Chronicles of Narnia: Prince Caspian for the Nintendo DS Review

I remember not too long ago when I reviewed the Nintendo DS version of the movie tie-in The Golden Compass. It was, in a word, horrible. I didn’t know (at that time) of any other game that would be so boring.

And unlike its beautifully realized big-screen counterpart, the game was downright ugly.

Summer Camp

The season for mega movie blockbusters has returned this year, and with it The Chronicles of Narnia: Prince Caspian. Like any other big budgeted movie before it, Prince Caspian has a multi-platform presence in video games, and naturally, Nine Over Ten 9/10 is here to review the Nintendo DS version.

Movie tie-ins tend to fare poorly coming over to video games (and vice versa as well), but this year’s Speed Racer DS (click here to read my review on Speed Racer DS) proved to be a revelation that when done properly, movie tie-ins can be right up there with the best.


Prince Caspian DS

Prince Caspian definitely belongs to the Speed Racer DS camp, but not without its own set of niggles. The game presents itself in a 3D isometric view, which kind of reminds me of Babo Violent. Anyways, it is a Role Playing Game (cue collective gasp) and the game starts of with you playing as the titular Prince, being trained in the art of sword play, before using the newly acquired combat skills to defeat his trainers and escape the castle he is living in to get away from an assassination plot.

This kind of reminds me of when Commander Cody was given the task to execute Order Sixty-Six on Obi-wan Kenobi in Revenge of the Sith. Quoting the poor commander on the irony of the situation: “Would it have been too much to ask for the order to have come through before I gave him back the bloody lightsaber.…?

Story Telling

Both fans of the book and those who have not read it yet would appreciate the cutscenes, told in book form. Text-allergic gamers can rest easy as there are some pretty pictures to look at and each cutscene isn’t that long. Not long before you get to start hacking and slashing anyways.

Not Just For Cutting

Act 2 of the game would see the introduction of the Pensive children, on their return to Narnia, and the party system. Taking a step towards FF3, your party can consist of 3 active members at any time.

You would also be introduced to combat methods such as using a heavy sword, bow and arrow, as well as the prerequisite to casting spells. Harry Potter would have loved the last one, it was a mini-game to connect the dots.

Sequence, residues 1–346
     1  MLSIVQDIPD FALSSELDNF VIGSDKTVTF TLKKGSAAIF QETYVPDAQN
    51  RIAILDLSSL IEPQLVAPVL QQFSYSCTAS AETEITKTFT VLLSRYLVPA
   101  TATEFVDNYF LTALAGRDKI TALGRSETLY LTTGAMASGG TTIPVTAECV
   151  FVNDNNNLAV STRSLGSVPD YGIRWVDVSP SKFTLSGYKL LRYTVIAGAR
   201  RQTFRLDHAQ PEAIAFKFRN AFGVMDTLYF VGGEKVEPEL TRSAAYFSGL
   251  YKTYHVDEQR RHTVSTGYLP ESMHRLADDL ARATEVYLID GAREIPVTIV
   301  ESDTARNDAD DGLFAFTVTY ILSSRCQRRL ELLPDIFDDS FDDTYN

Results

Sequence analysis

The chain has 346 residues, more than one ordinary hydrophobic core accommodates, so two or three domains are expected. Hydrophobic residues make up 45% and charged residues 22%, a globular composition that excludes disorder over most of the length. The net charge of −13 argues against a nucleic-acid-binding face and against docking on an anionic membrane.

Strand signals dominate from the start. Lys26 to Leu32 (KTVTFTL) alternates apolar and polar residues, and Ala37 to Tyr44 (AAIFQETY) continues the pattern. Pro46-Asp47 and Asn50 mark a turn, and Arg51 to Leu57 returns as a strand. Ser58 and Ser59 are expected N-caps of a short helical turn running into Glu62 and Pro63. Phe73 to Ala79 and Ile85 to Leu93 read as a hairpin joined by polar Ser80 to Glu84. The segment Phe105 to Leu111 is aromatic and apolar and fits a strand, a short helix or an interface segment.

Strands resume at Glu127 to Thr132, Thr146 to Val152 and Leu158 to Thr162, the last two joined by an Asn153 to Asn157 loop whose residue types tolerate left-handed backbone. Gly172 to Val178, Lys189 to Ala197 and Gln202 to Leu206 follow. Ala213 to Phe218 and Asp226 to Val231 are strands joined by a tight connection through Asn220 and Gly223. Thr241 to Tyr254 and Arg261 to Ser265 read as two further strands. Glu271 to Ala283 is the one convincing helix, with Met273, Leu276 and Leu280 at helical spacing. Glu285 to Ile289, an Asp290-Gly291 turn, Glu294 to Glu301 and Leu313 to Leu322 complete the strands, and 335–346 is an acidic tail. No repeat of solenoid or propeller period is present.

As you can probably tell, such combat methods are pretty touch-screen intensive and each of them will trigger a mini-game of sorts. Take sword play (Caspian and Edmund) for instance. You’ll be tracing strokes on the touch screen and how fast and accurate you do it will determine how much damage dwelt to your opponent.

Susan’s bow and arrow will require you to pull the bow string with the stylus and direct the arrow at moving targets before releasing the string.

The Best Defence is a Good CONSTANT Offense

Actual combat in Prince Caspian is really frantic. Even though it looks like a set up from Final Fantasy III, I don’t know whether to call it real-time or turn-based. Reason being there’s a fatigue meter that prevents your party members from immediately reacting after executing an attack. You’ll need to quickly select another party member to keep the pressure on the enemy in order to prevent it from attacking you.

There’s a good reason for this as the AI deals quite alot of damage per hit, and you will not like to get bashed more than a couple of times.

On With The Other Stuff

Aside from on-your-toes combat, Prince Caspian boast pretty good graphics, with nice pre-rendered backgrounds and a rousing orchestra soundtrack.

While Prince Caspian’s rather deep RPG approach and intuitive touch-screen based gameplay coupled with marvelous graphics are not uncommon in first-party titles such as Final Fantasy III, it is heartening to see third party developers bringing their A-game to the Nintendo DS platform.

One More Thing

One last intriguing aspect of Prince Caspian is not the game itself, but rather the DGamer service it comes with. From what I can garner, DGamer is a social network service, part of Disney Xtreme Digital, which sadly, is not available for consumers outside the U.S of A.

Anyways, the DGamer service in Prince Caspian allows you to go online and chat with people! If you do not have a DGamer account, you can log-in as a guest and peruse the chatrooms, which provides a truncated user experience since guests are limited to pre-typed phrases or MSN-like Winks.

I took a video of it, just for kicks:

Where to Buy:

Prince Caspian is available for pre-order at Play-Asia, and scheduled to be in-stock this month. Click here for further details.

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